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Lately, it seems that a whole host of specific foods have been hailed as “Antioxidant superfoods”- ranging from goji berries to quinoa- but the meaning of antioxidant is still cloaked with ambiguity for most consumers. What really are antioxidants? Are they anti-oxygen? Do they support our wellbeing?

To answer the latter, antioxidants are extremely vital; they help protect our cells from damaging and highly reactive free radicals, which to answer the second question are usually oxygen-containing species. Much like a protective coating used to prevent a car from rusting, antioxidants coat cells to protect the body from the oxidative properties of free radicals. This added protection for our cells has been shown to help fight against chronic diseases like diabetes and heart disease. It is not just people with non-communicable diseases that should take note of their antioxidant intakes- athletes should be more attentive as well. This is because exercise can increase free radical production in our bodies, and if we are not protecting our cells adequately, it can lead to progressive damage to our cells.

Fortunately, antioxidants come from many different wholes, nutrient-rich foods, especially vegetables, fruits, legumes, nuts and seeds, and also spices. It can be quite easy to obtain the antioxidants recommended if a wide variety of colorful foods are consumed. Some common antioxidants working in our bodies include Vitamins C and E, beta carotene, flavonoids, and selenium.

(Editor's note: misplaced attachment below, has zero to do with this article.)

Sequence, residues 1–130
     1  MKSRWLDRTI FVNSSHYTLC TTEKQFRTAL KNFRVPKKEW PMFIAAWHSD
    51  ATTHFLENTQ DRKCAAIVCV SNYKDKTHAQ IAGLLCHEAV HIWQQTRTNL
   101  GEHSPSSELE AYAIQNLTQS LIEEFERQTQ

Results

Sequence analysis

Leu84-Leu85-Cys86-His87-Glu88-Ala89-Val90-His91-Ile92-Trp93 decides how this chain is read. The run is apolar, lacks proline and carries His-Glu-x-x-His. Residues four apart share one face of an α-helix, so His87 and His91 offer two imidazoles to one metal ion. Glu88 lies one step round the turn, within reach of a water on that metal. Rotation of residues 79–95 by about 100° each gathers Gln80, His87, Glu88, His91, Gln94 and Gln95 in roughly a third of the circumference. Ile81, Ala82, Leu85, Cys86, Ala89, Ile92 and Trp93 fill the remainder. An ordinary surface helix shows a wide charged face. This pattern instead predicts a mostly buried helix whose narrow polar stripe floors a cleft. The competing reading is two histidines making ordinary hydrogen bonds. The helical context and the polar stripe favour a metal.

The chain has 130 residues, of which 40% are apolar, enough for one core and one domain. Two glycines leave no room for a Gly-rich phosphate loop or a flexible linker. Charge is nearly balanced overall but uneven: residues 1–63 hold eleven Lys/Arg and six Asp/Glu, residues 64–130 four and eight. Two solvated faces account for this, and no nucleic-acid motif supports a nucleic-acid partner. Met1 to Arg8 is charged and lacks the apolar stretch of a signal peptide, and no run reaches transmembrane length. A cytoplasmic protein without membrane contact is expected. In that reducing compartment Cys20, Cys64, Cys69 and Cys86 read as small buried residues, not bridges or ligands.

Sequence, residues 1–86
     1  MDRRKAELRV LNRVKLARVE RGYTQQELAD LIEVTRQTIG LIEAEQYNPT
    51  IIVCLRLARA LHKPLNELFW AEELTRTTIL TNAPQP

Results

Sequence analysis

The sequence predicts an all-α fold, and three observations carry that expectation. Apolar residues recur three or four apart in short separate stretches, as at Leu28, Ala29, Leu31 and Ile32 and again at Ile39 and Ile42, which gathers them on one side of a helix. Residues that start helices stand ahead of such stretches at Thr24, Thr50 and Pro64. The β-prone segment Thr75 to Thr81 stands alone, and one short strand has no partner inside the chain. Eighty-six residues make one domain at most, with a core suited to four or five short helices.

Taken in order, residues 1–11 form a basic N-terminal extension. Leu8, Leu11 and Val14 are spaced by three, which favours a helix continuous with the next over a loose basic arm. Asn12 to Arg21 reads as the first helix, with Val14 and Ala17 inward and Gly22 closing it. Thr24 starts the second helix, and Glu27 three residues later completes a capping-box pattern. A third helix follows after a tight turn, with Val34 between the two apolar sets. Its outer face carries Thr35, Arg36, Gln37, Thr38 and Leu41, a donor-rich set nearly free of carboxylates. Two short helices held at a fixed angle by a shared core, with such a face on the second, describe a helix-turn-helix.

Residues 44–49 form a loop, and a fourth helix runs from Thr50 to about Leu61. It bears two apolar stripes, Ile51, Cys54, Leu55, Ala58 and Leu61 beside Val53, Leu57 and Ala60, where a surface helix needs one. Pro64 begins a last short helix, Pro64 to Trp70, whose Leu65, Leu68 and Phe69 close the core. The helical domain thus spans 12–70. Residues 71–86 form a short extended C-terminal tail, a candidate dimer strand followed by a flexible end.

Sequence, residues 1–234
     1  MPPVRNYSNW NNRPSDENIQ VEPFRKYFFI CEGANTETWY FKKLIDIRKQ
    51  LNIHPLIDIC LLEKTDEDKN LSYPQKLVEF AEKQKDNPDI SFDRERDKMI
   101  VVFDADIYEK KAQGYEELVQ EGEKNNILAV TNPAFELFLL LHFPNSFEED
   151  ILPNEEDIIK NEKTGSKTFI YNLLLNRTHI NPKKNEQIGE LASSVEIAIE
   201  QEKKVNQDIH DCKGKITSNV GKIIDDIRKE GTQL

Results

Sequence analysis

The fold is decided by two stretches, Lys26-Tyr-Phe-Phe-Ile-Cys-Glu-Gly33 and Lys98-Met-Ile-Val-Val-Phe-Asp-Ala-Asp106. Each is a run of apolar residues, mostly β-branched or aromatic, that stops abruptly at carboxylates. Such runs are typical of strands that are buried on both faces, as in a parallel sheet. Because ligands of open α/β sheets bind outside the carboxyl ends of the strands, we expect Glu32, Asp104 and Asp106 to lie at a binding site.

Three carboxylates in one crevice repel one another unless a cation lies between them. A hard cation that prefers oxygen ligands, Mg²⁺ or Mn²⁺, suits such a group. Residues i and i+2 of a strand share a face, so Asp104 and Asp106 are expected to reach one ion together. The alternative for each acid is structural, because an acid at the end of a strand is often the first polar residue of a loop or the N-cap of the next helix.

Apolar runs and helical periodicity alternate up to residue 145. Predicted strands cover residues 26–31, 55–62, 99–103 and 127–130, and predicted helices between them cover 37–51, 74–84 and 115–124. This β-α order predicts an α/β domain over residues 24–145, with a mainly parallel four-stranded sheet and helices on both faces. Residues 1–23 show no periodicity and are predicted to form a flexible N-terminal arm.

To start, Vitamin C is found mainly in citrus fruits, strawberries and bell peppers. Vitamin C is an important antioxidant as it aids in iron absorption, and can be needed in larger amounts, especially after strenuous exercise. In comparison, Vitamin E also aids in the absorption of other antioxidants and is mainly found in foods such as avocados, peanuts and peanut butter, and certain vegetable oils. Additionally, beta carotene is present in bright orange produce, like carrots, apricots, and sweet potatoes. Beta carotene is converted into Vitamin A in the body, helping to maintain our eye health and immunity. Although flavonoids sound more unfamiliar, they are commonly found in dark-colored berries, cocoa, green tea, and apples. Finally, meat, fish, dairy products and poultry are good sources of selenium, whereas vegans and vegetarians can opt for mushrooms, whole grains, and nuts and seeds.

Antioxidant supplements are usually not recommended, as they often contain a dosage that is much higher than necessary. It is best to always talk to your health care provider or a Registered Dietitian before taking any antioxidant supplements. However, a diverse diet that is full of a variety of colorful, whole foods and more plant-based choices, will be an easy way to get all that antioxidants your body needs to help prevent your cells from getting damaged over the long term!